A group of unidentified hackers recently posted a document on Pastebin, addressed to the media, threatening to publish sensitive data from Elantis, the credit division of Belgium's Belfius Bank (formely Dexia Bank) if they don't receive approximately 150,000 Euros by Friday.
"While this could be called 'blackmail,' we prefer to think of it as an 'idiot tax' for leaving confidential data unprotected on a Web server," the hackers wrote. "The only question that remains now is this -- After they carelessly treated their clients' data, will Dexia act to prevent their clients' data from being published online, or is their clients' confidentiality worth less to them than EUR 150,000?"
"The data -- a sample of which has been posted in the message -- apparently includes loan applications featuring full names, job descriptions, ID card numbers, contact information and income details,' Finextra reports.
"The hackers contacted the bank via email last Friday, said Moniek Delvou, spokeswoman for Belfius Bank (formerly known as Dexia), Elantis' parent company," writes Computerworld's Loek Essers. "'We assume they possibly captured the data of 3,700 customers,' Delvou said, adding that the compromised data could belong to existing and potential customers. Elantis customers were informed of the data breach, according to Delvou. After finding out what happened the Elantis site was taken offline and the bank contacted the Belgian Federal High Tech Crime Unit which is now investigating the case, Delvou said."https://o1.qnsr.com/log/p.gif?;n=203;c=204660770;s=9477;x=7936;f=201812281321530;u=j;z=TIMESTAMP;a=20396194;e=i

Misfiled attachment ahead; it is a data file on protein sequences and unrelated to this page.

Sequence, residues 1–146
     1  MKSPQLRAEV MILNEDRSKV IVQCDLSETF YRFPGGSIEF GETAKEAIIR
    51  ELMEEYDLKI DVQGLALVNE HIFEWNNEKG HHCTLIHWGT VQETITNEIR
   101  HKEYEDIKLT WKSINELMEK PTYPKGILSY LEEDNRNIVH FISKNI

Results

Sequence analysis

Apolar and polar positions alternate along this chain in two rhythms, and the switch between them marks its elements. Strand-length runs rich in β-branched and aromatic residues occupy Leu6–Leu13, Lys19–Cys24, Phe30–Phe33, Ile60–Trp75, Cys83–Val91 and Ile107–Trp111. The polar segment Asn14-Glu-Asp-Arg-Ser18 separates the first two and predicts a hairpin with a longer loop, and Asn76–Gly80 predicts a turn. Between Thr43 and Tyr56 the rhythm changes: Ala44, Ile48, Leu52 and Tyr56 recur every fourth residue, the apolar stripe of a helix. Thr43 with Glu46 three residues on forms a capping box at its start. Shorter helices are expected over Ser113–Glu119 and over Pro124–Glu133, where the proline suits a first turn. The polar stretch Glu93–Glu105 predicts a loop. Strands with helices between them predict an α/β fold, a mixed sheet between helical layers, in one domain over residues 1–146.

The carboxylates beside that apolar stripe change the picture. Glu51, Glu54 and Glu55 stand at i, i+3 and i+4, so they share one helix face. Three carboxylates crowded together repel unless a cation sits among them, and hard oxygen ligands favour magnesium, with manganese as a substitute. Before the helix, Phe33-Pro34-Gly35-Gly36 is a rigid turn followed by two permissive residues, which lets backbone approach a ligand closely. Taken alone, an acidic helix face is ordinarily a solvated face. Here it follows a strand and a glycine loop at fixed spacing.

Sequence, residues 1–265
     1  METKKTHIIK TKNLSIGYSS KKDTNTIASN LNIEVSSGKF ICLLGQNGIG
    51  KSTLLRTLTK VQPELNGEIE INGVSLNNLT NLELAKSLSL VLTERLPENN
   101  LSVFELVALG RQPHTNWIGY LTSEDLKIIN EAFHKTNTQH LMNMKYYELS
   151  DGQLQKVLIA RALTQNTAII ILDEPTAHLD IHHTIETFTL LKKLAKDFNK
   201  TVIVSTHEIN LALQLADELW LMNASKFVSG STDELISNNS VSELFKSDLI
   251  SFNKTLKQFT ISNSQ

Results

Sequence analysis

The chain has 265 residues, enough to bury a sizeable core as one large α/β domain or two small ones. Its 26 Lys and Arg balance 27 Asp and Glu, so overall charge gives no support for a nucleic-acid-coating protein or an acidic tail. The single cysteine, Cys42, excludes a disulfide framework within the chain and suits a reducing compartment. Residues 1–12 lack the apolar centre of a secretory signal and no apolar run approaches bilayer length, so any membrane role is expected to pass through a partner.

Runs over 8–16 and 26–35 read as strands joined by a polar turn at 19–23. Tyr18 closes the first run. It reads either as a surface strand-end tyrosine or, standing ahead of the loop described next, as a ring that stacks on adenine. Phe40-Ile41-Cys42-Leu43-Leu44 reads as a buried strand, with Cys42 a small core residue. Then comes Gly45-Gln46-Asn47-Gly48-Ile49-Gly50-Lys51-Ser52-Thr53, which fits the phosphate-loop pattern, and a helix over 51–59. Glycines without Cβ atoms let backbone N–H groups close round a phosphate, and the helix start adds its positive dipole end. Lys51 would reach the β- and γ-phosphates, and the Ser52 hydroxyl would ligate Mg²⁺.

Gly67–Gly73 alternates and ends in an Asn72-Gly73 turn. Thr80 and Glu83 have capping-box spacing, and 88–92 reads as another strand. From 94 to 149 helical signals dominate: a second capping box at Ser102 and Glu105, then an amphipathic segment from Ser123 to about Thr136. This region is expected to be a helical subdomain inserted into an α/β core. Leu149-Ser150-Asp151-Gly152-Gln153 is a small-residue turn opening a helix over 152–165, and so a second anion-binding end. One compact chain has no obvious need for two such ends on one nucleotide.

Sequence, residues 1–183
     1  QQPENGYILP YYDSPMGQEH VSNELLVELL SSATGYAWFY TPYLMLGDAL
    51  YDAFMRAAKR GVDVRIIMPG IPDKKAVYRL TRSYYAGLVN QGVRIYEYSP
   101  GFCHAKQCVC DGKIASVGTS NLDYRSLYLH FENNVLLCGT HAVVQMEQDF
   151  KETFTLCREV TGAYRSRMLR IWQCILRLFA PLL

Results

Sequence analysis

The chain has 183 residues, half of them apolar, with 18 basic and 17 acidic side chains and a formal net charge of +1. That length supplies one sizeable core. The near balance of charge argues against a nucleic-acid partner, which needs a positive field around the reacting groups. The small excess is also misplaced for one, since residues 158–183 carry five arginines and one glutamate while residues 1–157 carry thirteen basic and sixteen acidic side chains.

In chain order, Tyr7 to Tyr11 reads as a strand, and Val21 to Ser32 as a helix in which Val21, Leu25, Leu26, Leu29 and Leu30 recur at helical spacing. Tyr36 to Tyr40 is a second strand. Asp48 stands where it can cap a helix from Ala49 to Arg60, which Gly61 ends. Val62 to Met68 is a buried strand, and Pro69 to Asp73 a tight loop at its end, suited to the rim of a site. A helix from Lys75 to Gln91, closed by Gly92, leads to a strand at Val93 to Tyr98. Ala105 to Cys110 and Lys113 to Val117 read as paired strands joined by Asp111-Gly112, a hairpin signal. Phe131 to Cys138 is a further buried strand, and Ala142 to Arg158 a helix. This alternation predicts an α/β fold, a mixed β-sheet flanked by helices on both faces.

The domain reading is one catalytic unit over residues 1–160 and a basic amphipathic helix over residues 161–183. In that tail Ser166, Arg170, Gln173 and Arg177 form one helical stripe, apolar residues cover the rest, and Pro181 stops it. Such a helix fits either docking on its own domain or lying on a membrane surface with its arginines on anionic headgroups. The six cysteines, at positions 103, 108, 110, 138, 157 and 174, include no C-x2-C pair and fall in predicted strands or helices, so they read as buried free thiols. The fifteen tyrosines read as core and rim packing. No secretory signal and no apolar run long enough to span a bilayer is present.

"The bank says it will not pay blackmail, which is just as well as it seems the hackers didn’t give them any instructions as to how they were supposed to make the payment," DataBreaches.net reports. "It may well be that the hackers’ threat was just to call more attention to the bank’s lack of security for their data, but just making the threat could add years to any sentence if/when the hackers are caught."